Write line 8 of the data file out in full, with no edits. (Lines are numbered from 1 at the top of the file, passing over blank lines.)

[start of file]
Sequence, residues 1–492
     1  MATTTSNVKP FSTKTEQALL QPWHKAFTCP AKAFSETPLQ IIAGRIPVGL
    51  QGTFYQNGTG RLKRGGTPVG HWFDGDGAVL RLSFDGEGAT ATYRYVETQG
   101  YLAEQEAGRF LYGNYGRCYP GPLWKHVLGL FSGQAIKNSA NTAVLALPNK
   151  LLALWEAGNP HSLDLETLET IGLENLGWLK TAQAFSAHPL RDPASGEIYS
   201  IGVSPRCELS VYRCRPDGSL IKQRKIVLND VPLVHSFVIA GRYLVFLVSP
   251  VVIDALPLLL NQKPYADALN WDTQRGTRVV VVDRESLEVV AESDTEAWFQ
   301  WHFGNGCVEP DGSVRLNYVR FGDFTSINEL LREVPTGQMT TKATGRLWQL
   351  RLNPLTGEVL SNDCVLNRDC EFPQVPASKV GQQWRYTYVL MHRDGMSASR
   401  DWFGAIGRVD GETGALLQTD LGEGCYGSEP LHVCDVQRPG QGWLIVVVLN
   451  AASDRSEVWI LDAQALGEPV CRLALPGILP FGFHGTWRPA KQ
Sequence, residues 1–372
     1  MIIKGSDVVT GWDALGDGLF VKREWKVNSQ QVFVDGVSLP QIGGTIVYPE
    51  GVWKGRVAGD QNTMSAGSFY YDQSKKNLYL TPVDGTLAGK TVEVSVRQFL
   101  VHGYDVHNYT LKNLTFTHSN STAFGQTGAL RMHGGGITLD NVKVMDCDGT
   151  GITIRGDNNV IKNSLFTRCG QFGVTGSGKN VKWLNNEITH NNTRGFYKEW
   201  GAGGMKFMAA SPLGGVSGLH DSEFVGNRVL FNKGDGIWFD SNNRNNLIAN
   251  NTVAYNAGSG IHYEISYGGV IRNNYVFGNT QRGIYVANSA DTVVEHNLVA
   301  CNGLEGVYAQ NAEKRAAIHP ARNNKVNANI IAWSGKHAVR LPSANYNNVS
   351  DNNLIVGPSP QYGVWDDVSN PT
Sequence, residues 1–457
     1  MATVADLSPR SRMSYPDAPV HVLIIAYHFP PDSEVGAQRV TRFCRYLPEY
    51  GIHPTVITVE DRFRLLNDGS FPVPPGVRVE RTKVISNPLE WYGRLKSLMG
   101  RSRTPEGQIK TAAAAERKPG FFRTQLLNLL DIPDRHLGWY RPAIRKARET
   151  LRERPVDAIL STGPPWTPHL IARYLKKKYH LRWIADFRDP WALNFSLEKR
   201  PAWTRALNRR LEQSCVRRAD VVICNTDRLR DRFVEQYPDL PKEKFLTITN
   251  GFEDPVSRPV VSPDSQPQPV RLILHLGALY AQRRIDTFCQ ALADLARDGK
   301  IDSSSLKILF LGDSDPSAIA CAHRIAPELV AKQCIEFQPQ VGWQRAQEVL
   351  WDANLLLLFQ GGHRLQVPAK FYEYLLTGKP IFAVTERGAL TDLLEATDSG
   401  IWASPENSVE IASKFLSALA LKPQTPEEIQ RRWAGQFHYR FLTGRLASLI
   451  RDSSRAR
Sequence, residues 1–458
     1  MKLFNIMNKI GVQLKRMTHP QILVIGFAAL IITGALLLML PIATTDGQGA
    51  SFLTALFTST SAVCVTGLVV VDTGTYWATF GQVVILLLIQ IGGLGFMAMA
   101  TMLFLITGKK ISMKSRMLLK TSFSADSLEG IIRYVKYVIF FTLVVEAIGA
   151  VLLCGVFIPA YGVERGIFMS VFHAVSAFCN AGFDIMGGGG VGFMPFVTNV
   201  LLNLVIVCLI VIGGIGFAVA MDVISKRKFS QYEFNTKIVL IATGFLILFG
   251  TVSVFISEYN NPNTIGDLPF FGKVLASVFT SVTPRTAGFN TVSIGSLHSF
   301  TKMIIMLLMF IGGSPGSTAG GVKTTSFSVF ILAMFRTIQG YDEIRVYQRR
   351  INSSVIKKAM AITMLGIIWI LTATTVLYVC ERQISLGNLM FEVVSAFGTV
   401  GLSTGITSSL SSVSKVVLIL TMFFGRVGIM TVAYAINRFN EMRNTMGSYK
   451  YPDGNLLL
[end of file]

   301  WHFGNGCVEP DGSVRLNYVR FGDFTSINEL LREVPTGQMT TKATGRLWQL